"The same way Dawn got to help me, I'd want to pass that on to somebody else," Bird said. "I think that's what USA Basketball is about -- it's about the older players showing the younger players the ropes a little bit, what it means to be a USA Basketball player, represent your country, represent the team, yourself, all that stuff. It's about showing younger players and then also going out and winning gold medals, that's all that matters."
An important element of that for younger players is understanding that their role for the United States will be different than it is in the WNBA or overseas.
"They want to come out here and prove they belong," Bird said, "but the way to do that is not to score 20 points, necessarily. The way to do that is not to go out there and try to do everything. It's about being on the team and doing what the team needs."
Bird's own pass-first role for the national team is perhaps the ultimate example. A capable scorer who has never averaged fewer than 10.3 points per game in her 15-season WNBA career, Bird has averaged 4.3 PPG in 23 Olympic starts, peaking at 6.1 PPG in 2012. In seven games at the 2016 Olympics, Bird handed out more assists (31) than she scored points (26).
Staley, who averaged 4.1 PPG in the 2004 Olympics, played much the same role for the U.S. women. She recalls a young Bird soaking in the knowledge back in 2004.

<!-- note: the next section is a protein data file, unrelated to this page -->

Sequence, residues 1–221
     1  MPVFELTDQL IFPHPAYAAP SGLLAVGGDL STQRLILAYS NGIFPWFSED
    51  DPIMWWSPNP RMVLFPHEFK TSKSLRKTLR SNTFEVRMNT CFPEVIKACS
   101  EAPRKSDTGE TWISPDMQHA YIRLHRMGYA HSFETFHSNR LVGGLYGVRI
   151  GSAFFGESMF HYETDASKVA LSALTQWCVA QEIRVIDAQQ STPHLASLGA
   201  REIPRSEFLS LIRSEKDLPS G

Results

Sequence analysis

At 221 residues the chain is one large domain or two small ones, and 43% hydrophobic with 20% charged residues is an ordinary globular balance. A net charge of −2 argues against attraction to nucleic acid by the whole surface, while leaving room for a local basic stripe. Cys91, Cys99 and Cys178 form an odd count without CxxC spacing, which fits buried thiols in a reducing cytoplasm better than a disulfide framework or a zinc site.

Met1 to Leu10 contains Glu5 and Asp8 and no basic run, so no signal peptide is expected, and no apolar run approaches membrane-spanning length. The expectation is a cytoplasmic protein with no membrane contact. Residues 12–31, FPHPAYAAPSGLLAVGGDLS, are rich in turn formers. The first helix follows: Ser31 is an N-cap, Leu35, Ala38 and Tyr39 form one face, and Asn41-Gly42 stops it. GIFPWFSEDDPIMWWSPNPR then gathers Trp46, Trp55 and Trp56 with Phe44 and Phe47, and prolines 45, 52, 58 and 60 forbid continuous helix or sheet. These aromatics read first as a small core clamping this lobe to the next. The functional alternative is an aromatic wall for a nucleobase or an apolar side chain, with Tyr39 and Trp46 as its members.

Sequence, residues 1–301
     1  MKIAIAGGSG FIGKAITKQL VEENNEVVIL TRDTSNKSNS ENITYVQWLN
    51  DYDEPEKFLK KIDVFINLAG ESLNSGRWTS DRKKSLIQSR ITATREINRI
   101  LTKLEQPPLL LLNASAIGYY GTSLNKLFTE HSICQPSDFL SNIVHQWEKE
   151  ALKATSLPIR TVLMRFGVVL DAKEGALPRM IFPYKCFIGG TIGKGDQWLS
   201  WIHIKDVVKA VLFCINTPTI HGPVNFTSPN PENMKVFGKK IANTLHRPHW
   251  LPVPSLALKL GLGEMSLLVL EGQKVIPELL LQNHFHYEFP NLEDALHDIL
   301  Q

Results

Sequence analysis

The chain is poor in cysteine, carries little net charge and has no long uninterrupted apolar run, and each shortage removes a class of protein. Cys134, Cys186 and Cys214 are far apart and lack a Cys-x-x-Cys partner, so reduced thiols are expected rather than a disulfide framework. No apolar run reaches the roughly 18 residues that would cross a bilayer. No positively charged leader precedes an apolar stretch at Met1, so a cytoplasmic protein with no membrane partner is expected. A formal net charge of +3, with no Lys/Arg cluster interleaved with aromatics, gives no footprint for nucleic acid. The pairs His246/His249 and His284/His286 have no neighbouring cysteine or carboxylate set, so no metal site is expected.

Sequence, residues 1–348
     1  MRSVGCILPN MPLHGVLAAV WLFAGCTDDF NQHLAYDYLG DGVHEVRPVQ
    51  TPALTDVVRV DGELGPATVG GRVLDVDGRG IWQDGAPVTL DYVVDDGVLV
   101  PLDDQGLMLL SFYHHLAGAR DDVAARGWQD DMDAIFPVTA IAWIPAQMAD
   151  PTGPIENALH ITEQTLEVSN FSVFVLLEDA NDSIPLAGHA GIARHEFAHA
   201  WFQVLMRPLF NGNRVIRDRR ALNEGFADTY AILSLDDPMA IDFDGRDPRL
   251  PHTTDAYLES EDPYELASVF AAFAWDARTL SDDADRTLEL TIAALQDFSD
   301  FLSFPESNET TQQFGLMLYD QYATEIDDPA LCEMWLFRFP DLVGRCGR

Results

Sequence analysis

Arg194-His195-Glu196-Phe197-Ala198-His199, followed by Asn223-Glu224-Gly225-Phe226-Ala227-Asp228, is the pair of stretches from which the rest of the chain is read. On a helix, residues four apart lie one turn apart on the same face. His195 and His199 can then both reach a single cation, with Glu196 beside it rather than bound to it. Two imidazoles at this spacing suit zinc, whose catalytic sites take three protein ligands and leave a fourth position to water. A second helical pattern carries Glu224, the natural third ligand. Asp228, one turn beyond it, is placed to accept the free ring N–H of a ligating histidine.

"Sue, in her first Olympic games, she just really enjoyed it," Staley said. "I think she enjoyed all the external stuff, and she kind of just rode the coattails of the veterans. At the same time, she was gathering information because she knew that she was the next one to take on that leadership role, to take on being a captain and take on understanding and giving that information back to some of the younger players."
Of course, given Staley's role as a coach -- she spent four years as head coach at Temple leading up to the 2004 Olympics and reached the NCAA tournament twice before moving to South Carolina in 2008 and winning the 2017 NCAA championship -- her leadership wasn't limited to younger players but to veterans as well. "I think naturally she had already become a little bit of a player-coach," Bird said. "So she was always talking to us, always in our ears. It didn't matter if you were myself and Dee [Taurasi] and it was your first time or you were Lisa Leslie and it was your fourth. She was in everybody's ear all the same, always had her hands in everything. I think you see that now as a coach."
We know Staley will be at the 2020 Olympics in Tokyo. Whether Bird is on the roster as a five-time Olympian remains to be seen. While she joked about her future with the national team, telling reporters, "I'll see you in 2029!" Bird realizes that planning even two years out is unrealistic at this point in her career.
"Do I want to play in the Olympics? Yeah," she said. "If I'm able and willing, absolutely I want to play in the Olympics. But I'm not going to sit here and put myself on that team. That's not fair to me. That's not fair to USA Basketball, the other players competing for a spot."
As such, the search for a successor to Staley and Bird continues, a search for someone who can provide the same kind of steady hand at point guard and continue the USA's unprecedented run of international success.